Women with PCOS More Prone to Developing Type-2 Diabetes: StudyBy Staff Reporter, UniversityHerald Reporter
Women diagnosed with Polycystic Ovary Syndrome (PCOS), even if they are young and not obese, face a heightened risk of developing type-2 diabetes, according to a Monash University study. Researchers said that the risk is three to five times higher in women with PCOS.
According to WebMD, PCOS is a medical condition in which a woman suffers from hormonal imbalance. The hormonal disorder is one of the leading causes of infertility among women. The Stein Leventhal syndrome causes irregular menstrual cycle, excessive hair growth, acne and obesity among others.
For the study, the researchers analysed Australian Longitudinal Study of Women's Health. The study included more than 6000 women of aged between 25-28 years who were observed for nine years until they reached the age group of 34-39 years in 2012. The group also comprised of 500 women who were diagnosed with PCOS.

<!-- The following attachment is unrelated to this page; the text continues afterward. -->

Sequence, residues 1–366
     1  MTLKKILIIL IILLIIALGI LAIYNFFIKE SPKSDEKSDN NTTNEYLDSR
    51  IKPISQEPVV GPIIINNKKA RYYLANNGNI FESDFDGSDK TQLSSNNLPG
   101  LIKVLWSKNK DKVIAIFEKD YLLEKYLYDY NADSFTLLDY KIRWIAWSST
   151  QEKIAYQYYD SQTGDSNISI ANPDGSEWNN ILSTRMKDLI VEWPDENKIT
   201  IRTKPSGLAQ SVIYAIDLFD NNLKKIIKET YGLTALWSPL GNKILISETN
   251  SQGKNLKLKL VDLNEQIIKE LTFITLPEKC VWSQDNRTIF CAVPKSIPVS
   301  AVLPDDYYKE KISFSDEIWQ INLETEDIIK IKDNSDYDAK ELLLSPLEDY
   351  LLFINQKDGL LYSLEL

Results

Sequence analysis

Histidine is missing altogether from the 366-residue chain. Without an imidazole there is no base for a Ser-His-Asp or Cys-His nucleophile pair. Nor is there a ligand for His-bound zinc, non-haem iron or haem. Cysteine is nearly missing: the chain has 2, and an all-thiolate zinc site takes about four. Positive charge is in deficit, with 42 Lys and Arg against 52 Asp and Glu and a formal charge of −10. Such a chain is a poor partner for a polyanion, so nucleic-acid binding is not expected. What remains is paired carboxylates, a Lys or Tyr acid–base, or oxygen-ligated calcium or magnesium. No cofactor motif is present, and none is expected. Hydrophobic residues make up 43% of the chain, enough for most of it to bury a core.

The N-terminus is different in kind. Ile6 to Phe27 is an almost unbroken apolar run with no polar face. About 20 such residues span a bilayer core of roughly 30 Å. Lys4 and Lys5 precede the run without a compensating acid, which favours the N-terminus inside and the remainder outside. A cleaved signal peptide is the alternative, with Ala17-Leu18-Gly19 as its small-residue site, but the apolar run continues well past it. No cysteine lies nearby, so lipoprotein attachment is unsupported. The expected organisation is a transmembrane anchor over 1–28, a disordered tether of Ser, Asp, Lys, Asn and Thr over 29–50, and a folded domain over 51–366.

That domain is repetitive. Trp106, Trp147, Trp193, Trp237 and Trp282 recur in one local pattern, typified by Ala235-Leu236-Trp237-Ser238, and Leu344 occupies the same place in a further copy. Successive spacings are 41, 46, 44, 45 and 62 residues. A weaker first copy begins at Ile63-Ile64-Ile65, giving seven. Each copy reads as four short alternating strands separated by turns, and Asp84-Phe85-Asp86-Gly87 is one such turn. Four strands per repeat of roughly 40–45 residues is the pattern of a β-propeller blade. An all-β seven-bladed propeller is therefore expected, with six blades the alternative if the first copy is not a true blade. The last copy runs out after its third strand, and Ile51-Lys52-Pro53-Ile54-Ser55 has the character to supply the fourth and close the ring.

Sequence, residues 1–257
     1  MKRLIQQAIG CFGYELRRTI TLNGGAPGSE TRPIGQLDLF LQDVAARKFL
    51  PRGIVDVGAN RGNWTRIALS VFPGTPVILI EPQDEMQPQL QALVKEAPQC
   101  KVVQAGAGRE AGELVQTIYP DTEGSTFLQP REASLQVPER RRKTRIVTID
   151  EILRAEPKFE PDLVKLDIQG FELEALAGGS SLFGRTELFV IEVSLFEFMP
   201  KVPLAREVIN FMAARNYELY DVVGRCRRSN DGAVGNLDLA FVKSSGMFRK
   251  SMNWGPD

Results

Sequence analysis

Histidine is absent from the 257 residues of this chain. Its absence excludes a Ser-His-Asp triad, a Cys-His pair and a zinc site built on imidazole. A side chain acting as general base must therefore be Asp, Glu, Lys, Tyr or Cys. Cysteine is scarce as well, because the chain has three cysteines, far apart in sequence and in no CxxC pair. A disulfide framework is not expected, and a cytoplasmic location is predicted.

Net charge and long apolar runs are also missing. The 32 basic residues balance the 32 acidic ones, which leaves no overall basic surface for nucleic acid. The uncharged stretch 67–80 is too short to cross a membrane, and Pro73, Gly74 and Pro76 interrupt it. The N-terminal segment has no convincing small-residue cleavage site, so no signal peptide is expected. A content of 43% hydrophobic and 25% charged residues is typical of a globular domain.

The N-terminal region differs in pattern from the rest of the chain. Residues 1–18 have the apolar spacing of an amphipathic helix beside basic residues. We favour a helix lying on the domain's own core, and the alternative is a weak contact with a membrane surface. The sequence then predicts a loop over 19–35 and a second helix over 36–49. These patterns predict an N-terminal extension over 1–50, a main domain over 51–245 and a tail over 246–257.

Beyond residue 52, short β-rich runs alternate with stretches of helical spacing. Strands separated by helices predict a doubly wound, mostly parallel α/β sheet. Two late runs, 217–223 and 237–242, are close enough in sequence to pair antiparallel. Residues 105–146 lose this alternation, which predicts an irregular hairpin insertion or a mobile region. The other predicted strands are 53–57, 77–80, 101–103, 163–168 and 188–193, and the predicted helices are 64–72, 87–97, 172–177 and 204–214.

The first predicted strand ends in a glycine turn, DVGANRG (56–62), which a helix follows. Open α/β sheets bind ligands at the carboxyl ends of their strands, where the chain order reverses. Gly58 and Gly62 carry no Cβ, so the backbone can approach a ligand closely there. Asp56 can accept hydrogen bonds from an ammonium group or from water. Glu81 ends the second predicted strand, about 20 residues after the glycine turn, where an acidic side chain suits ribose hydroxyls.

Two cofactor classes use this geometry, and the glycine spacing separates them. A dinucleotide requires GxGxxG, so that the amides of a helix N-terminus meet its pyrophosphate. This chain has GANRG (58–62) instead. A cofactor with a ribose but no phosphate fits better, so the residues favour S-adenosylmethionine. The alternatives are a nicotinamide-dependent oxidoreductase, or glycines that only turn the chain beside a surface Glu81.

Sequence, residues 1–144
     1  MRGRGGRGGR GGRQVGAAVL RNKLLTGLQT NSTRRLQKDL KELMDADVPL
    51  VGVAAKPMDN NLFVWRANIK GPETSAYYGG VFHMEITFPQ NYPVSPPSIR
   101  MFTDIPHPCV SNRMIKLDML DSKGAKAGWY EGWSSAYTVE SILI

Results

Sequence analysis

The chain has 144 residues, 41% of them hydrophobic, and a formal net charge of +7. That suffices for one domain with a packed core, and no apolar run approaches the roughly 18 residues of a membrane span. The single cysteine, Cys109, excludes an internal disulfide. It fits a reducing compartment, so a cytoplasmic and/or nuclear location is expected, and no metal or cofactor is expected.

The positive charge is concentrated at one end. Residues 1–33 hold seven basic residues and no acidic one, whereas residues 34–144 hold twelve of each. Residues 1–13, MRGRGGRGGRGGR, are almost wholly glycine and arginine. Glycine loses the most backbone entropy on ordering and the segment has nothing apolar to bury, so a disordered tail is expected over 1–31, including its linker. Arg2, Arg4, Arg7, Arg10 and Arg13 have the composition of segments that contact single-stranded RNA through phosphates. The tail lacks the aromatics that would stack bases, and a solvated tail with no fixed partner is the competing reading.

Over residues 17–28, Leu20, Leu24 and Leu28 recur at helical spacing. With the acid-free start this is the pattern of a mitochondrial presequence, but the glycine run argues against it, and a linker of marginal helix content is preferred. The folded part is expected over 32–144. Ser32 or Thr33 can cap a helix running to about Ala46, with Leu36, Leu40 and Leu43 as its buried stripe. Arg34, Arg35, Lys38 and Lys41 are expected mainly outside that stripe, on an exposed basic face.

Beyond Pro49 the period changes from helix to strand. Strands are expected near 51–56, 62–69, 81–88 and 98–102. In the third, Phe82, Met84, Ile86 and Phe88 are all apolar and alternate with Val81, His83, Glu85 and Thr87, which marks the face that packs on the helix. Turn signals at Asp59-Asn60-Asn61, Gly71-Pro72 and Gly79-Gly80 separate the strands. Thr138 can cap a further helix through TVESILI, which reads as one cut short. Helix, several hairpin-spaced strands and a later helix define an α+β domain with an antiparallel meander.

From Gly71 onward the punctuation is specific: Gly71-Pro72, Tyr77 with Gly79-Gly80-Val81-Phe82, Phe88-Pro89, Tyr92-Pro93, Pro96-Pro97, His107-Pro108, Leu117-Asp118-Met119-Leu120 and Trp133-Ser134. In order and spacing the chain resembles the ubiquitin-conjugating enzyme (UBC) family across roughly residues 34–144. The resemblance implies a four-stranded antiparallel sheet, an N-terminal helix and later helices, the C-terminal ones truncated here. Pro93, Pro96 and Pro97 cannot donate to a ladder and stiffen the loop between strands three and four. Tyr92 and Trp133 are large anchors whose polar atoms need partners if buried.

The researchers did not find any link between obesity and PCOS.
"Type-2 diabetes itself is preventable, as are diabetes complications, but only if people at risk of or who have diabetes are screened, aware and take preventative action," Professor Helena Teede said in a statement. "With the dramatic rise in diabetes, this research highlights the need for greater awareness and screening, especially in high risk groups including young women with PCOS."
Teede said that current diabetes screening guidelines recommend screening over 40 years of age. The guidelines need to be re-evaluated in women with PCOS. If the condition is left undiagnosed during peak reproductive year, diabetes can pose significant risk to mothers and babies.